In today’s healthcare environment, the general consensus is that the exchange and flow of data is crucial and beneficial to developing better care of the patients. Healthcare information exchanges (HIEs), as an example, have shown to be effective in improving public health, reducing healthcare redundancies, and providing clinical providers with more support tools in their day-to-day work. As much as we have realized the importance of data sharing, many barriers still remain - namely legal, motivational, and technical.
Legal barriers to data sharing run the gamut from being too restrictive to being completely non-existent. While HIPAA is the overarching data governance strategy in the U.S., the interpretations of HIPAA and the level of comfort with de-identification under HIPAA still vary. For example, disparate agencies have disparate policies with differing levels of restriction. Some agencies have had experiences that were negative in the past, and that in turn influenced their views on data sharing and collaboration. Different interpretations of “ownership” of data versus “stewardship” of data also have proven to be a roadblock in data collaborations. To accelerate better healthcare outcomes with better data sharing, it is important that a clear, well-defined guideline is instituted from a source of truth, and data providers and data users continue to work to establish rapport.
Motivational barriers to data sharing include the lack of incentives, opportunity cost, potential fall-out from negative publicity, and lack of resources. The lack of resources and lack of incentives are closely linked. It is imperative to consider how data sharing can be incentivized in order to create more resources for institutions participating in data sharing. Once the incentives and resources are aligned, concerns regarding publicity can be alleviated by seeking community feedback and proactively soliciting the consent of patients. It would also be helpful to create educational messaging around data sharing, centered around how the sharing of medical data can actually lead to better outcomes for patients, reduce costs for institutions, and push forward the technology of healthcare.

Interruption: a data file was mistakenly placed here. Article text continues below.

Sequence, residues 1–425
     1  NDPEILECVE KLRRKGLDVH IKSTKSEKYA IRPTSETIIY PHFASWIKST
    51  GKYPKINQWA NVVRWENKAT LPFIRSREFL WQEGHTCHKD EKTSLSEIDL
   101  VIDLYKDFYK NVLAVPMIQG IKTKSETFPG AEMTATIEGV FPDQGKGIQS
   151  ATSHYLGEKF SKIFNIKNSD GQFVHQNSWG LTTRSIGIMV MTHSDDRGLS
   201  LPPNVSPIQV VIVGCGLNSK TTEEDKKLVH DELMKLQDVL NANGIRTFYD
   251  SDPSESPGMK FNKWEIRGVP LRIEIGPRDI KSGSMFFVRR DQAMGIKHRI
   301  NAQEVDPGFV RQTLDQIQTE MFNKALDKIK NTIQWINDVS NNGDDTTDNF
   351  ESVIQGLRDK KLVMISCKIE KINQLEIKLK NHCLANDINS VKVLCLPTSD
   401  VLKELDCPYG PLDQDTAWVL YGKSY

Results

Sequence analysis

Healthcare institutions are designed to keep data safe by creating secure silos. The underlying architecture beneath healthcare data is inherently adverse to data leaving individual silos, and technical teams within institutions are not built to run a data sharing framework. Useful data are often stored in different datalakes, such as PACS, EHR, RIS, etc, and not all formats are standardized. Curation, homogenization, and preparation of data to make it useful and generally applicable to any future-of-care development is intensive and time consuming.
To overcome the legal, motivational, and technical barriers, healthcare institutions should look to align incentives across the obstacles. How can resources created from data sharing such as additional revenue be used to further build out technical capabilities and ensure better de-identification of the data? How can soliciting community feedback help with ethical and legal considerations of data sharing? It is increasingly becoming clear that in order to increase the standard of healthcare for patients, data can no longer be siloed as a defensive measure, but should rather be used as a tool. There is no better time than now to explore the possibility of data as an asset and break down the silos as they currently exist.